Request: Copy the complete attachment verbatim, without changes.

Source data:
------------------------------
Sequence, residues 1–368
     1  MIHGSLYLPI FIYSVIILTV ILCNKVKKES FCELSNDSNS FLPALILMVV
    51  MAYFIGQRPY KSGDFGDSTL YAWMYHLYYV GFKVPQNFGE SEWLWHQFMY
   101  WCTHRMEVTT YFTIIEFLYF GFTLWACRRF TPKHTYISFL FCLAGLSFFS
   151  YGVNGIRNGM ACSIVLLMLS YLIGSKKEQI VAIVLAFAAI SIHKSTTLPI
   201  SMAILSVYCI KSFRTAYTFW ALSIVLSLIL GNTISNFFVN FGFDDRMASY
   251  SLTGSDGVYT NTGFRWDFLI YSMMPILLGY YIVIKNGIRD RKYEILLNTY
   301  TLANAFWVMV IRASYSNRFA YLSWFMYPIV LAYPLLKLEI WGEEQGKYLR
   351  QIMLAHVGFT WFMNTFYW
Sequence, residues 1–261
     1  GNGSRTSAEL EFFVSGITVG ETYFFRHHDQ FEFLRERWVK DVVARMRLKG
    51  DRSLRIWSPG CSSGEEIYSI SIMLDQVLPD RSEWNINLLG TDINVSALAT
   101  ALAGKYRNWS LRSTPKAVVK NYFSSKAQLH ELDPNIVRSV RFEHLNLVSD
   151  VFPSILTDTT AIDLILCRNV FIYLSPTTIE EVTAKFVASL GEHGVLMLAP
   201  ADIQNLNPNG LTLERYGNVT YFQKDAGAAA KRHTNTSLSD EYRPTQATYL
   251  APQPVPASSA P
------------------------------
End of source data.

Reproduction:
Sequence, residues 1–368
     1  MIHGSLYLPI FIYSVIILTV ILCNKVKKES FCELSNDSNS FLPALILMVV
    51  MAYFIGQRPY KSGDFGDSTL YAWMYHLYYV GFKVPQNFGE SEWLWHQFMY
   101  WCTHRMEVTT YFTIIEFLYF GFTLWACRRF TPKHTYISFL FCLAGLSFFS
   151  YGVNGIRNGM ACSIVLLMLS YLIGSKKEQI VAIVLAFAAI SIHKSTTLPI
   201  SMAILSVYCI KSFRTAYTFW ALSIVLSLIL GNTISNFFVN FGFDDRMASY
   251  SLTGSDGVYT NTGFRWDFLI YSMMPILLGY YIVIKNGIRD RKYEILLNTY
   301  TLANAFWVMV IRASYSNRFA YLSWFMYPIV LAYPLLKLEI WGEEQGKYLR
   351  QIMLAHVGFT WFMNTFYW
Sequence, residues 1–261
     1  GNGSRTSAEL EFFVSGITVG ETYFFRHHDQ FEFLRERWVK DVVARMRLKG
    51  DRSLRIWSPG CSSGEEIYSI SIMLDQVLPD RSEWNINLLG TDINVSALAT
   101  ALAGKYRNWS LRSTPKAVVK NYFSSKAQLH ELDPNIVRSV RFEHLNLVSD
   151  VFPSILTDTT AIDLILCRNV FIYLSPTTIE EVTAKFVASL GEHGVLMLAP
   201  ADIQNLNPNG LTLERYGNVT YFQKDAGAAA KRHTNTSLSD EYRPTQATYL
   251  APQPVPASSA P